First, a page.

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Ripon Christian stars rise started at early age

Middle Blocker of the Year

Mikaela Alger, Ripon Christian senior: Three-year varsity player was a part of Knights’ five-year reign in the SJS Division V playoffs. Her 272 kills (3.3 per game) and 95 blocks (1.2 per game) are ranked among the section’s best.

Outside Hitter of the Year

Morgan Alger, Ripon Christian senior: The other half of Ripon Christian’s tandem of 6-foot twins produced 250 kills (3.0 per game) to go with 53 blocks. Both Alger sisters were named to the all-SL team.

Setter of the Year

Lizzy Nizzoli, Ripon junior: Slowed early in the season by a wrist injury, the Modesto Christian transfer sparked the Indians in the TVL season with her setting prowess and all-around stellar play.

Defensive specialist

Paige Burrell, Ripon junior: Second-year varsity player averaged eight digs per game to lead SJS players and finished with 496 overall in the regular season. Also dangerous from the service line, she paced the Indians with 36 aces.

Utility Player of the Year

Brittany Petlansky, Ripon Christian junior: The starting libero as a sophomore, Petlansky made her presence felt on the front row despite standing at 5-5. She was one of four Knights with at least 200 kills (225) while coming up with 337 digs.

Middle blockers

Teagan Manus, Ripon Christian sophomore: Stepped up big when veteran middle Cassidy DeRousse went down with a season-ending ailment, finishing second on the team with 87 blocks to go with 116 kills.

Sierra Tailes, East Union senior: Transfer from rival Sierra was the top all-around player for the Lancers, tallying 85 kills, 32 blocks, 53 digs and 20 aces in 14 league matches.

Outside hitters

Paige Horwood, Ripon senior: Third-year varsity player wrapped up her career as Ripon’s top hitter in 2011, hammering 121 kills and 2.1 per game.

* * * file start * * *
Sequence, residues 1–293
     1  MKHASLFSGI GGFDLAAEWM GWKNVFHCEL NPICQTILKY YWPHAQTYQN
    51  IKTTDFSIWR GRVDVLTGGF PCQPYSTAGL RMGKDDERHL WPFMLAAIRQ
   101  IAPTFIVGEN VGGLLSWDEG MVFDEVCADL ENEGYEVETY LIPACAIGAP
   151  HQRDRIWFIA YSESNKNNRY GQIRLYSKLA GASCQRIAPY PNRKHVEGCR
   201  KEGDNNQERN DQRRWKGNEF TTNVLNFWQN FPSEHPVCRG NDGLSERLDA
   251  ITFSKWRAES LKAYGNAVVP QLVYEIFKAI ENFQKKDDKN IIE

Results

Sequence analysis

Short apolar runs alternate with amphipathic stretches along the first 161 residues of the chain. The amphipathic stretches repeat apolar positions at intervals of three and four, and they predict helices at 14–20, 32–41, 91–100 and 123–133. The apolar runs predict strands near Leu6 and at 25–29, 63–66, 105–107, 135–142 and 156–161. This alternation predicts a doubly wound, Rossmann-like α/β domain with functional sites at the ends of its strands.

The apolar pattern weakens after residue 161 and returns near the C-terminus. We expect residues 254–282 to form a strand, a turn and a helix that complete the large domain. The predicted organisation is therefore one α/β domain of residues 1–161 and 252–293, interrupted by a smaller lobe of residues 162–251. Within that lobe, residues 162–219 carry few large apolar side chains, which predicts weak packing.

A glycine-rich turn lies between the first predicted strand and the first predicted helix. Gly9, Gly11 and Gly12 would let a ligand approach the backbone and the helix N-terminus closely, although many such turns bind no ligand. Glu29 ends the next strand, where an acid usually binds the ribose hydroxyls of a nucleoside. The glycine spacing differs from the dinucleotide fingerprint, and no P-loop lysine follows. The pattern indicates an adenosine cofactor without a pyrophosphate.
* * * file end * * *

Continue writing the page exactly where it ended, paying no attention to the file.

Julia Martinez, Manteca junior: Promising 6-footer was the hardest hitter in the area, leading the Buffaloes with 139 kills (1.7 per game).

Defensive specialist

Kaylie Colyn, Ripon Christian sophomore: 447 digs (5.5 per game) is ninth most in the section, and her emergence allowed incumbent libero, Petlansky, to take on a larger role.


Regina Dias, East Union sophomore: One of just two area players named to the all-VOL first team, Dias handed out 182 assists in conference play.

Samantha Morris, Manteca senior: All-VOL first-team selection averaged 5.4 assists in 93 games (500 overall) and had 93 digs and 31 aces.


Stephanie Vande Pol, Ripon Christian, junior: Quietly put together a solid all-around season, posting 116 kills, 50 blocks, 340 assists and 180 digs.

— Jonamar Jacinto

Prior to her freshman year in high school, Andie Shelton had rarely, if ever, spiked volleyballs with any regularity.

Hard to believe being that she jump served as an 8 year old.

A superb setter rated among the country’s best in her age group, the Ripon Christian sophomore is blossoming into one of the best all-around players to come out of the Manteca area.

“I’ve always been a setter. I’ve never really hit the ball — ever,” said Shelton, the Manteca Bulletin’s All-Area Volleyball MVP for the 2011 season.